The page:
Theme Exhibit: This display celebrates Banned Books Week (Sept. 25−Oct. 2) and Freedom of Speech Week (Oct. 18-24), which is a collaborative effort with the speech communication department. It features well-known books that have been challenged or banned from libraries and schools over the centuries, along with books that discuss free speech and the First Amendment to the Constitution.
Constitution Day was Sept. 17. A research guide is featured on the library’s website and includes resources that deal with various aspects of the U. S. Constitution and the First Amendment, Freedom of Speech and Banned Books/censorship.
Foyer Bulletin Board: Global Environmental Change: India—this year’s international focus—features book covers from related books, posters and a map.
Gerald Gems, professor of health and physical education:
- “The German Turners and the Taming of Radicalism in Chicago” in Gymnastics, a Transatlantic Movement: From Europe to America, 2011.
- “The Political Uses of Sport by the United States” in Forum for Idraet (sport): Sport and Development, 2010.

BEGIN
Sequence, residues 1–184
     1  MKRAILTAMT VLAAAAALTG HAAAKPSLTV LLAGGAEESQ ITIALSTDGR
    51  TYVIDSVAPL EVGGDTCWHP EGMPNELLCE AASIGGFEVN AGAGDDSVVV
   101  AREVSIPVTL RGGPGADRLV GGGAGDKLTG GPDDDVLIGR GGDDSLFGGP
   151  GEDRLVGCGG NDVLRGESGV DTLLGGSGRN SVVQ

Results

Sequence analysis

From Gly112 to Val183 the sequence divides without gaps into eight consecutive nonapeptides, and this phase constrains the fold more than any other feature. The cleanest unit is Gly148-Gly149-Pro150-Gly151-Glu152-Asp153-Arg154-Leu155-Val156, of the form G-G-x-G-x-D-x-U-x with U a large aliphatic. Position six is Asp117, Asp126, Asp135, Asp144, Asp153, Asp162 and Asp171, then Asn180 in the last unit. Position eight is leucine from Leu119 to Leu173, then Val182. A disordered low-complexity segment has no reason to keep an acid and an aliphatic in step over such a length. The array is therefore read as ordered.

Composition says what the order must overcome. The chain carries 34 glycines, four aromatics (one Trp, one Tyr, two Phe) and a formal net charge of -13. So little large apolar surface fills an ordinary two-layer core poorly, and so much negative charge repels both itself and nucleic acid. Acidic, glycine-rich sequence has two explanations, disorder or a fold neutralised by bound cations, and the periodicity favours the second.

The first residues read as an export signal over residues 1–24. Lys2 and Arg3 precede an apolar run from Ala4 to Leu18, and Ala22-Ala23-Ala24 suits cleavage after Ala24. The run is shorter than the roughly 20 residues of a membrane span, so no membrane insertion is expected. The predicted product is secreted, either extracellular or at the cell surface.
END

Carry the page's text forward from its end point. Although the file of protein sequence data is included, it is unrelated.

Tom Gill, instructional media coordinator, Oesterle Library. Photographs in “H2OHHH, What Fun! Fish Lake” Northern Indiana Lakes, June 2010 and Great Lakes Commission Advisor, September 2009.
Wendy Koenig, associate professor of art. Holocaust Persecution: Responses and Consequences (edited with Nancy Rupprecht), 2010.
Steve Macek, associate professor of speech communication and coordinator of urban and suburban studies. “A Merger that Isn’t Comcastic” (with Mitchell Szczepanczyk) in OpEdNews, Aug. 8, 2010.
John Stanley, instructor of speech communication, assistant director of forensics and director of individual events. “Enjoy Delivering Your Message” in The Presentation Guide Book, 2010.